This Friday we will kick-off Q4 2021. It is usually the time of the year where companies should be finalising their annual budgets for 2022. However, I am amazed at the vast amount of businesses that do not bother with budgets. Many bring up the excuse that the minute the budget is concluded it is already wrong or outdated and that this is even more so in the present uncertain times. I beg to differ. What is needed is a different and more agile approach to budgeting.

What is this approach based upon?

1. Change the purpose of planning and budgeting. Most planning and budgeting systems are designed to help business owners or top managers predict, command and control. Predict precisely what the company must do to deliver smooth and stable trends in performance. Command each part of the business and make sure it functions well to execute detailed plans that will add up to the desired total. Then rigorously control activities within each silo to make sure people conform to plans and deliver required results. Even in more stable times, such an approach to budgeting leads to a result whereby predictability becomes an unachievable quest. Therefore the budgeting process should focus on achieving a higher performance, not for predicting them. More than all this, the predict, command, and control model is especially ineffective in periods of constant crises and black swan events like a pandemic. In a world of unpredictable and accelerating change, long-term forecasts will be increasingly unreliable and trying to stick to flawed plans will grow more dangerous. Hence the focus for any budgetary process is how to improve outcomes for customers, employees and business owners and less on hitting numbers. The focus should be on learning, adapting and growing — not on trying to predict the unpredictable.

2. Shift the focus from financial precision to strategic success. Typically, right around now, as the planning and budgeting season kicks off, the chief financial officer issues financial targets and spending guidelines. Later, when budget submissions finally roll in, it’s not uncommon for the total to be too high. At that point, the CFO does some financial analyses to prioritise investments and make painful cuts. On paper, it adds up to impressive returns. In reality, it seldom turns out that way. A better approach is to turn the targeted outcomes developed into strategic portfolio guidelines that drive the budgeting and adaptation process. These guidelines force discussions that allocate resources from the strategy down, rather than from individual projects up. Here are some typical questions strategic portfolio guidelines might raise:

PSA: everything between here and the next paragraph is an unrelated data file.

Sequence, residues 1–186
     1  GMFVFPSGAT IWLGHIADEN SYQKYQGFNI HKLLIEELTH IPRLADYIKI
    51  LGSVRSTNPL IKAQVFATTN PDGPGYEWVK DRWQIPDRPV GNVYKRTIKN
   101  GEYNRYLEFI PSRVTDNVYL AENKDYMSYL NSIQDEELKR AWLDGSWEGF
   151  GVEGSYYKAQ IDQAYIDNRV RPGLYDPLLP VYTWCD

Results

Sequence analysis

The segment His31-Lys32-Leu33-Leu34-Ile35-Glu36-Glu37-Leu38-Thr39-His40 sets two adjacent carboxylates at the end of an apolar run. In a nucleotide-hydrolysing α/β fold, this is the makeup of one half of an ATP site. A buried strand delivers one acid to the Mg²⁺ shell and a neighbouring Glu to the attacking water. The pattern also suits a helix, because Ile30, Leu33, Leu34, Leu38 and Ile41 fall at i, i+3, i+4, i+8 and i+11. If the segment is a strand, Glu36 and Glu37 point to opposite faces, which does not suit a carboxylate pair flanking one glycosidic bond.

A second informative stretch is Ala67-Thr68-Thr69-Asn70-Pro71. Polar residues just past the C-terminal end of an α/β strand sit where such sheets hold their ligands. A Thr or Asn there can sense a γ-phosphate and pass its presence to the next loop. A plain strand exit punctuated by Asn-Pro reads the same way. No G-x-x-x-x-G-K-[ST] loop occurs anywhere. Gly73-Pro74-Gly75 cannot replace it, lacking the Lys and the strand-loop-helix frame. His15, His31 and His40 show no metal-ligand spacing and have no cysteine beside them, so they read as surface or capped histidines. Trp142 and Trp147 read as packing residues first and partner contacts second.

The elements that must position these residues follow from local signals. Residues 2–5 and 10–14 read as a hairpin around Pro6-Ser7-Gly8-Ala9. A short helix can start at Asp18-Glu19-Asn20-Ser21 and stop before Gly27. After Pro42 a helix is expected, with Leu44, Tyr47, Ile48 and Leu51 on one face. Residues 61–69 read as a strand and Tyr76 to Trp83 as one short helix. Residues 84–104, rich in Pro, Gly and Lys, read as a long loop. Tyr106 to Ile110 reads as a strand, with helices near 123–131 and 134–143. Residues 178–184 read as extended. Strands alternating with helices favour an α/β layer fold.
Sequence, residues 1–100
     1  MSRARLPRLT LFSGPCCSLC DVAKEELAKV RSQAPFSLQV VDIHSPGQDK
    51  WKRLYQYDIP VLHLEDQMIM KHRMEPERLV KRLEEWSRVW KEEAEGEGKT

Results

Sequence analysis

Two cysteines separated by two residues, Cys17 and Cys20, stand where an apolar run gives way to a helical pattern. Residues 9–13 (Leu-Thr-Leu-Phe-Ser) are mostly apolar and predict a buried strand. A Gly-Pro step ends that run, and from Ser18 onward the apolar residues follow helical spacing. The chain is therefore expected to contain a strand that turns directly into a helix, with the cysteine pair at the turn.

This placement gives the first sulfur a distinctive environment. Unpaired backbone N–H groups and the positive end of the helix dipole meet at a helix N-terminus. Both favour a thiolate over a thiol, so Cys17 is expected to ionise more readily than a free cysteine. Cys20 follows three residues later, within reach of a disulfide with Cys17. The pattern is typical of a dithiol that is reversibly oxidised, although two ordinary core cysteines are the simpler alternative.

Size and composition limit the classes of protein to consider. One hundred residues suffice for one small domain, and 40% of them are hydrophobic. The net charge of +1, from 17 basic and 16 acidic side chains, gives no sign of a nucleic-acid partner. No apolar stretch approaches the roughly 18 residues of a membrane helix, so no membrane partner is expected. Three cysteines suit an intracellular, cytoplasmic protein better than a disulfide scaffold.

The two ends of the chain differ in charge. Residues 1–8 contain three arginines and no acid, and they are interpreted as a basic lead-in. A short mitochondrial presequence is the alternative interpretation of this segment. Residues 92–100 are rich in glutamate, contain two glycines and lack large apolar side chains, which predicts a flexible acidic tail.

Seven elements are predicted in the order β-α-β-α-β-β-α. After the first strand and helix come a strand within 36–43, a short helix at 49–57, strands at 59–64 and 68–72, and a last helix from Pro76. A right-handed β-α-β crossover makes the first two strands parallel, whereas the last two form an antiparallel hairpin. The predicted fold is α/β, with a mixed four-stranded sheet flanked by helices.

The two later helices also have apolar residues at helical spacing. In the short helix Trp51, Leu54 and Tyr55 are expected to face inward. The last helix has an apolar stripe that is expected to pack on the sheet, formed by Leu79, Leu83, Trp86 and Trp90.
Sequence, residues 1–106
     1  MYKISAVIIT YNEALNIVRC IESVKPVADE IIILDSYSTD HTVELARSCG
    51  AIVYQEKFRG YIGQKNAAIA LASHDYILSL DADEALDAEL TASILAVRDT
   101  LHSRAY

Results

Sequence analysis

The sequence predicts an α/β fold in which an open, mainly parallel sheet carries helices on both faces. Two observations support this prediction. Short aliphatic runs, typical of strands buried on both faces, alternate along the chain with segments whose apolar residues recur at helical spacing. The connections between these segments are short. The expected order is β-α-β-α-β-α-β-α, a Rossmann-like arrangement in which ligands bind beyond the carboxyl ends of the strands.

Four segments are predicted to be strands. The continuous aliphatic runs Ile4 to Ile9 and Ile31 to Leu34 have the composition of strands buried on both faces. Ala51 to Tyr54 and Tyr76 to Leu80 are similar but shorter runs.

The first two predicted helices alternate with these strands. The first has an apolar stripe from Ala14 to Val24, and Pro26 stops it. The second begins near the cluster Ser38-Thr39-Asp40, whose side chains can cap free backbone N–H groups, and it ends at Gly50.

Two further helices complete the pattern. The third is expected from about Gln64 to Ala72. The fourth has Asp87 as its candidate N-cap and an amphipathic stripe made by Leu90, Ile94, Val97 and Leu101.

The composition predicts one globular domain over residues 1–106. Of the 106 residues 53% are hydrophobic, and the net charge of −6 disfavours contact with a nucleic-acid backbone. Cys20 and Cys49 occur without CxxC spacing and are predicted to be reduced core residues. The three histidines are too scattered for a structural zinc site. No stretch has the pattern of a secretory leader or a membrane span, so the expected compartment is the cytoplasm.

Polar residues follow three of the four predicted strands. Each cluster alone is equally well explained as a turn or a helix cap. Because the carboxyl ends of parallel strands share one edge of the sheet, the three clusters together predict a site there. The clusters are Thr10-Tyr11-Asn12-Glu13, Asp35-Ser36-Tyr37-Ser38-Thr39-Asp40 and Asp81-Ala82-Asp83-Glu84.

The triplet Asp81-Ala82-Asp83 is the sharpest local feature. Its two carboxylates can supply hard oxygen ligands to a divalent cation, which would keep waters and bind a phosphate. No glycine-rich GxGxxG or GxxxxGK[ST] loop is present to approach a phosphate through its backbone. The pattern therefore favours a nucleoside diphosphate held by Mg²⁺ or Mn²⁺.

What are the outcomes that will be most important for strategic success? In light of those priorities, where should resources go? For example, how much of our resources should go to running the business (operations) versus changing the business (innovations)? How much should go to various customer segments? How much should go to different sales and distribution channels, business units, brands or product lines? How much of our technology resources is properly spent on keeping current systems running versus developing new features or improving architecture? What hypotheses must be true for these resource allocation strategies to work, and how can we test them most quickly and efficiently?
When managers link individual investments with these strategic classifications and add them up, they often discover surprising patterns. Their greatest growth opportunity may actually turn out to be losing market share and investing little in innovation. The largest chunk of the technology budget may be going to simply keeping the lights on and fixing legacy systems whilst investment in the online channel preferred by customers may turn out to be woefully low. By properly aligning resources with strategic priorities, companies can better see the tough trade-offs that should be made but aren’t working — either because of neglect or because decisions are being made by the wrong people. This has only become more important in the current turbulence. Managers responsible for strategic outcomes should understand and then make the resource trade-offs to achieve them.

3. Plan faster and more frequently. If budgets are inflexible and can’t be adjusted, it is obvious that the whole budgetary process is going to focus over its accuracy. Left untouched, even small mistakes can compound over time and make a mess of plans. However, if we can adjust a long-term forecast every quarter, month, or week, we can continually improve its accuracy in far less time and with far less effort. Setting bold, challenging objectives and then adjusting plans to incorporate valuable lessons learned is the best way to improve.

For most companies, traditional planning and budgeting are either useless or, at the other end of the spectrum, offer a comfortable sense of certainty. In both cases, especially in current times, precision should not be the main focus of any budgeting, but the setting up of plans that are flexible enough to focus on what truly creates value – that is truly worth every effort!

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